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Houston police shot and killed a black man who pointed a gun at them last night

AP Photo/Eric Gay
Another death in Texas.
Published Last updated This article is more than 2 years old.

Two Houston policemen shot and killed an African-American man who they say refused to obey commands to lower his gun in the middle of the night Saturday (July 9), according to local authorities.

The incident happened as Texas and the country are in a state of heightened tension after the killing of five police officers in Dallas at a Black Lives Matter protest.

The two Houston officers were on patrol when they spotted the man, who was standing in the middle of a four-way intersection with a gun pointed towards the sky, said Jodi Silva, a spokesperson for the Houston police department.

The officers got out of their car and asked the man to put down his weapon. Witnesses at the scene were also yelling “Put down the gun! Put down the gun!” she added.

But the man instead lowered it to aim it straight at the officers. Fearful for the lives of bystanders and their own, the officers then shot the man several times, said Silva. The officers and paramedics provided first aid to the man, but he was pronounced dead at the scene, said Silva.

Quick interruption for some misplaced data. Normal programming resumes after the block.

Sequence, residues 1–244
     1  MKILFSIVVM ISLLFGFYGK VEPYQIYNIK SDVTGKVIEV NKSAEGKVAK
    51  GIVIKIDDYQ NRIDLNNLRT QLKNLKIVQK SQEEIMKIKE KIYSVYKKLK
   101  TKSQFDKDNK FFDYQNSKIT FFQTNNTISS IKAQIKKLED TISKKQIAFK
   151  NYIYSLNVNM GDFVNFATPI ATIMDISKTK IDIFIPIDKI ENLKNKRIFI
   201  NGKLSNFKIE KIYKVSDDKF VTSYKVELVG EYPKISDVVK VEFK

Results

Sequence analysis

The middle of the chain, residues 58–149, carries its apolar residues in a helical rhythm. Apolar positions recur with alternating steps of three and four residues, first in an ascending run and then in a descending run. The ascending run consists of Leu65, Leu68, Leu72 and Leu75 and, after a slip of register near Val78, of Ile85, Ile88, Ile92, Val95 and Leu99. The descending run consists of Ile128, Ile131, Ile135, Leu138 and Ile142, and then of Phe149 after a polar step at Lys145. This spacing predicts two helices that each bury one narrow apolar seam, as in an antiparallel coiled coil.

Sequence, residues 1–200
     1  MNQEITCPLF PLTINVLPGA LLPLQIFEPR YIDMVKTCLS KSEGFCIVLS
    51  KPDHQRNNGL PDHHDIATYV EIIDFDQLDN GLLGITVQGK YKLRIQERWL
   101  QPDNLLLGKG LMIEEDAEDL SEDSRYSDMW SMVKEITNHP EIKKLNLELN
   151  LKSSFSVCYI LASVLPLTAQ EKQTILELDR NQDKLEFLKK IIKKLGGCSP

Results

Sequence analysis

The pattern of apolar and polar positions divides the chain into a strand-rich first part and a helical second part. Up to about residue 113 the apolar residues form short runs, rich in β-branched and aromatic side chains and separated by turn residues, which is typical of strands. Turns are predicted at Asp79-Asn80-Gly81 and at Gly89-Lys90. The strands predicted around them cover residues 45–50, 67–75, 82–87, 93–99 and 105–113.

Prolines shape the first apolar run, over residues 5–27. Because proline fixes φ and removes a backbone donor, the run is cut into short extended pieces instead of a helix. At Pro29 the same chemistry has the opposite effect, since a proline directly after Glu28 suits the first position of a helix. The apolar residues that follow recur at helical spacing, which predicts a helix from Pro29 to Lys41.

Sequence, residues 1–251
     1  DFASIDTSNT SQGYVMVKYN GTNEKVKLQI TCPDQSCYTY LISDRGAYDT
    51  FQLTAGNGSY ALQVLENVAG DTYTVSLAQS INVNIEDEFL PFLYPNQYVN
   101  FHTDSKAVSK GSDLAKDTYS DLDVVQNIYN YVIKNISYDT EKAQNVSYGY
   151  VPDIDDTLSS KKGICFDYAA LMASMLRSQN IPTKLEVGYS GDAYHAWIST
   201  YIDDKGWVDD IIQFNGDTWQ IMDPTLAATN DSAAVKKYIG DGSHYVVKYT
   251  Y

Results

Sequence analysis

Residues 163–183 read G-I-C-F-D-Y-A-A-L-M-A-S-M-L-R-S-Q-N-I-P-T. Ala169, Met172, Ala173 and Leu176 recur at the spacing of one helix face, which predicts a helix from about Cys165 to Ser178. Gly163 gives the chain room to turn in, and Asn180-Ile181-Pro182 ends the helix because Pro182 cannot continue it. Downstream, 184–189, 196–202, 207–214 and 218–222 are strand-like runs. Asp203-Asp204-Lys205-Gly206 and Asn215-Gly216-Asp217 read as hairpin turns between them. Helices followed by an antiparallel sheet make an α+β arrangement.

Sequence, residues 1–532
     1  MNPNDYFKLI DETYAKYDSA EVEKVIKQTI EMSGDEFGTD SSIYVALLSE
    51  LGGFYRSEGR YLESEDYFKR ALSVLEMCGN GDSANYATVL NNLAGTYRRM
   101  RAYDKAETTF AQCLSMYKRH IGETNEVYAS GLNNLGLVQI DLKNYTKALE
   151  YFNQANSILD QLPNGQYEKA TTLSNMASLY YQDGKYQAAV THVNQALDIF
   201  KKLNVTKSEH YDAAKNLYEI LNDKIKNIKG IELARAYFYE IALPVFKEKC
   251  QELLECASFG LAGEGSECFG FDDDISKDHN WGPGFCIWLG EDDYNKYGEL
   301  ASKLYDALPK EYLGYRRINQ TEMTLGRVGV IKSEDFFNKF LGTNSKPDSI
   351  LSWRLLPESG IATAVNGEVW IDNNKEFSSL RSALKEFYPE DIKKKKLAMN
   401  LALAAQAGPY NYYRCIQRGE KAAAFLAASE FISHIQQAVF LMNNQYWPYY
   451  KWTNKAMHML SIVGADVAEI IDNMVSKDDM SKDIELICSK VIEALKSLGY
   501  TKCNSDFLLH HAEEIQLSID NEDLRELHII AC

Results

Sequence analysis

The department has not released his identity, but local media identified him as Alva Braziel.

The string of killings of black men by police around the country has put departments under increasing scrutiny. Houston’s police department has been releasing statistics on incidents in which their officers fire their guns. So far this year, there have been 16 such incidents, during which 10 people were wounded and four were killed.

The latest shooting is being investigated by two separate divisions within the Houston police department, as well as by the district attorney of the county where Houston sits, Harris.

At the same time, police departments are also conscious of the potential for violence against them. After the attack in Dallas, Houston police officers were advised “to be vigilant, to be careful and to have increased awareness of the situations around them,” said Silva. Officers who normally ride alone were offered the option of patrolling in pairs for safety.

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